About a decade ago, after Yves Peters had joined Typophile’s Type Identification Board, he noticed that there was a real demand from people who wanted to know which typefaces were used on film posters. This inspired him to start writing ScreenFonts, regular reviews of film posters with a focus on the typefaces used in them. Originally published on the FontShop BeNeLux blog Unzipped, ScreenFonts was ported to The FontFeed when Yves Peters became its editor-in-chief. It quickly became one of the most popular series on FontShop’s design and typography blog. Now it has found a new home on FontShop News.

As Yves became more and more acquainted with the world of film posters through his review series, he started noticing things – picking up trends, and distinguishing specific (typo)graphic tricks. As he further explored the medium he discovered how film posters use their own visual shortcuts as a way to communicate more efficiently with the intended audience. This codified language is not limited to images and colour schemes, but is also applied to type styles that identify film genres.

However one typeface defies all categories – Trajan.

 After hearing one too many times that Trajan was the “movie poster font” without any evidence to back up this claim, he went on an epic journey (pardon the pun) to investigate if Trajan truly was the most-used typeface in the history of cinema posters, and if indeed it helped films “win Oscars”. The story of his investigation will not only make you discover many hidden facets of typography, but most of all, as Yves says at the beginning of his presentation: “I will tell you very little that you don’t already know; you simply just don’t realise it yet.”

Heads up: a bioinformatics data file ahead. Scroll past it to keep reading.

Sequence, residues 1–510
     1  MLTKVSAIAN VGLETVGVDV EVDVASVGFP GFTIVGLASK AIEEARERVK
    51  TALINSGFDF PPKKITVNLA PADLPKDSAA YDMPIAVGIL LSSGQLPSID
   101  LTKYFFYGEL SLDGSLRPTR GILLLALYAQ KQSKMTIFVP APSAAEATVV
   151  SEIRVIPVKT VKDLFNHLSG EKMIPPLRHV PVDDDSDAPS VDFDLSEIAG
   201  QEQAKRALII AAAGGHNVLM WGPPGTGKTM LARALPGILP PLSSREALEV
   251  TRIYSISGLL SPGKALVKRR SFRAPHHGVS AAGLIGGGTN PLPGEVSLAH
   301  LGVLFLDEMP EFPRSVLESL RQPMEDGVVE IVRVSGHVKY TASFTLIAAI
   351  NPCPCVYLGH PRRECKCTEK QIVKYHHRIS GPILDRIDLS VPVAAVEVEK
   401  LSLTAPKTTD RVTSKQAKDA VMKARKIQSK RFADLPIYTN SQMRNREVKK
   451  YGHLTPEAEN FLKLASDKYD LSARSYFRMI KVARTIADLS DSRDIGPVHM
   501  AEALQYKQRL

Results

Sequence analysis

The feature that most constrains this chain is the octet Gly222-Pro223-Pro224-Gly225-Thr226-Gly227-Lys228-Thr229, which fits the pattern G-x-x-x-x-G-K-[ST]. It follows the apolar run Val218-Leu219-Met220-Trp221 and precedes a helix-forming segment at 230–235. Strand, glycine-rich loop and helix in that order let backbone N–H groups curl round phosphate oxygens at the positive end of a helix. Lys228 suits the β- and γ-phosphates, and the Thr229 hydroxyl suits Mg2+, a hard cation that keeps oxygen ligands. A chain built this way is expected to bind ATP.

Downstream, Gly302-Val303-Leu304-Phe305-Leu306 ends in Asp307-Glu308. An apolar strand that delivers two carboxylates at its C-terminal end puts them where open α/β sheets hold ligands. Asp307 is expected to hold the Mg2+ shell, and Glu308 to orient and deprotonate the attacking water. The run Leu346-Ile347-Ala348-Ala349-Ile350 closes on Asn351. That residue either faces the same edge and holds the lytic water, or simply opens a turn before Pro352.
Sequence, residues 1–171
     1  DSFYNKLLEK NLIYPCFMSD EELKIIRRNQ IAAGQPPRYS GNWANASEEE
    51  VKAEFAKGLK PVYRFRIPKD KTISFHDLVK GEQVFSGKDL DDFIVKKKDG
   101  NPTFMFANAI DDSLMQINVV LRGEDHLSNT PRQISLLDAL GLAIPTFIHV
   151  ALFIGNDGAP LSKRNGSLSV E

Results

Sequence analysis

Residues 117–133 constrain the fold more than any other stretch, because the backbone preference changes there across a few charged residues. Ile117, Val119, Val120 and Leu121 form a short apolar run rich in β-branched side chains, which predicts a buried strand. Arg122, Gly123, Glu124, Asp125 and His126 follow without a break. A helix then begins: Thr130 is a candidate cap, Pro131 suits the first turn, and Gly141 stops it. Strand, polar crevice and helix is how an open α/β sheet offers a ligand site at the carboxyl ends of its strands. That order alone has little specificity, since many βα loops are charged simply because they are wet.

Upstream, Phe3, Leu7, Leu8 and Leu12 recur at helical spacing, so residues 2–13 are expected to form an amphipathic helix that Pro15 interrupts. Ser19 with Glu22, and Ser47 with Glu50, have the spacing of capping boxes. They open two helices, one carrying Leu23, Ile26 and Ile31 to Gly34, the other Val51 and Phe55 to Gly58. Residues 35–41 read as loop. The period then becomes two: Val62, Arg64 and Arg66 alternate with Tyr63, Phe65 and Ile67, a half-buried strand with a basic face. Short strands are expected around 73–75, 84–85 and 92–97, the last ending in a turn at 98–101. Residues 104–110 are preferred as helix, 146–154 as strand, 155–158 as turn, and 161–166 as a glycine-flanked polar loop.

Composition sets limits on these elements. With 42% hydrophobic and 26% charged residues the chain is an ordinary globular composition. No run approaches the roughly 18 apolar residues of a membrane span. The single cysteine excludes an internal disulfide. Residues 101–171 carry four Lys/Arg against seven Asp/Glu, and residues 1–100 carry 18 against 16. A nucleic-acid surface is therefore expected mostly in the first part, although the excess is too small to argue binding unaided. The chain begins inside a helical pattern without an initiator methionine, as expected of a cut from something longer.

Yves Peters is a graphic designer / rock drummer / father of three who tries to be critical about typography without coming across as a snob. Former editor-in-chief of The FontFeed, he has found a new home on FontShop News. Yves writes about type and talks at conferences. His ability to identify most typefaces on sight is utterly useless in daily life.

Oct
22
5:30 pm17:30
BCU

TYPE TALKS: Ikon Gallery: The typefaces of Fiona Banner